And so we’ve arrived at the final destination of this journey – Goslar. Once again, when friends asked me where I am going and I told them about my choice of destinations, they were all surprised why would I go to these unknown places. And indeed, Goslar wasn’t full of tourists. But it was full of beautiful architecture and lovely views.
I only had one day to experience Goslar, but if I were to go again, I would have planned two. Unlike the previously visited cities, it’s not just Goslar’s Old Town that’s on the UNESCO World Heritage list, but also the Mines of Rammelsberg. The reason I’d recommend two days for visiting is so that you have enough time to see and enjoy both parts of the world heritage. Sadly, I only managed to explore the Old Town – but it was still worth it!
The Old Town of Goslar was named a UNESCO World Heritage thanks to its 1,500 extremely well-preserved half-timbered houses, dating back to different eras in time. The town is famous for gaining its wealth from mining and at one point it became the seat of the German Emperor. The historical old-town vibes can be experienced at every corner of Goslar’s narrow and cobbled streets.
Finding your way around the streets and figuring out what to see in which order can be tricky, so my biggest recommendation would be to grab yourself a map with pre-described routes from the Tourist Information Centre (it costs 1.50 euros). This map was my best friends for the whole time I was in Goslar, and it helped me see all the important and historical sights in a timely matter.
As sad as it is, we have come to the end of my journey and it is time to go back to where it all began – Vienna.
My second-to-last stop on this trip of discovering hidden UNESCO gems is Quedlinburg – a beautiful little town in Germany, full of typical half-timbered houses and medieval streets. I chose Quedlinburg as part of my itinerary for a couple of reasons. Firstly, I had never heard of this place before, and neither had any of my friends. So my curiosity to discover the undiscovered arose. And secondly, the city looked absolutely stunning when I looked it up.. And it was even better in person, if I have to be honest.
Quedlinburg’s Old Town has been put on the UNESCO World Heritage List in 1994 and this year the city celebrates a few occasions, one of which is 25 years since becoming a world heritage. Quedlinburg also marks 1100 years since the return of King Henry I’s reign to become the first German king, as well as 30 years since the peaceful revolution.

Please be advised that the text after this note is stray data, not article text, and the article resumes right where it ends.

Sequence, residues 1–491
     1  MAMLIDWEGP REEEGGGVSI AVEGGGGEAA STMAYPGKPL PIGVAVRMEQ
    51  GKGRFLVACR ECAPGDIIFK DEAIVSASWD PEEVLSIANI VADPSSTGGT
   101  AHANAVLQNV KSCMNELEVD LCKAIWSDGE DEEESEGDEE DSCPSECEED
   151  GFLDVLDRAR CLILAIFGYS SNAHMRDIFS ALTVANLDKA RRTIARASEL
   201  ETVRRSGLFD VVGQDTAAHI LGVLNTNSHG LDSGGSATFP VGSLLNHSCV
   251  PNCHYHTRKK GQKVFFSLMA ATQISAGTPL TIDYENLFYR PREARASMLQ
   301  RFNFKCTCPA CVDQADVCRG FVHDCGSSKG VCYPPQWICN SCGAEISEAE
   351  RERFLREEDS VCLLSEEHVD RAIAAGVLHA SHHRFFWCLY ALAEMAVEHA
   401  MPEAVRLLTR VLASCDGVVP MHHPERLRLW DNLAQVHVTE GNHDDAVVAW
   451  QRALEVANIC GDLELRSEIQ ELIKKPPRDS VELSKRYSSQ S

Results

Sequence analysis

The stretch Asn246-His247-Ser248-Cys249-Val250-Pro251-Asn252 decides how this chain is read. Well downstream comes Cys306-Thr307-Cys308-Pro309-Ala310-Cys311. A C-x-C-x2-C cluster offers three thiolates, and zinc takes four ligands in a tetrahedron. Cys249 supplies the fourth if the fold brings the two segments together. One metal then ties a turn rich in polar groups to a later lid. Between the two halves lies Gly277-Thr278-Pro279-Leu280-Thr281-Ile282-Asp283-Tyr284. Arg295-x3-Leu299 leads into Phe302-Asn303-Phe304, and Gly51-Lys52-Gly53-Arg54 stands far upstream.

I had two days in this little paradise and it was more than enough to see everything Quedlinburg has to offer. Since I had never seen the typical German half-timbered houses before, I honestly thought I was walking in a fairytale. My eyes just couldn’t believe how beautiful this city actually was.
Amongst the main tourist attractions in Quedlinburg are the Schlossmuseum and Stiftskirche, Münzenberg, the main square with the city hall, and, of course, the cobbled streets of the Old Town.
An interesting fact is that the government doesn’t usually finance the renovation of the old houses, but instead encourages citizens to buy them and renovate the facades themselves. Even though most of the old town has now been renovated, there are still a few houses here and there that do not look as new as the rest – this means they are still waiting to find their new owner.
Quedlinburg is a lovely getaway for a day trip for everybody, interested in history and heritage. And an absolute must-see if you’re in the region of Saxony-Anhalt in Germany.
After three days spent in beautiful Regensburg, it was time to head west. After a long overnight bus journey, I found myself in one of the smallest countries in Europe – Luxembourg. Yet again, I was greeted with rainy weather. Are we surprised? – Definitely not! Thankfully, I had three days there as well, so the weather eventually turned out to be perfect.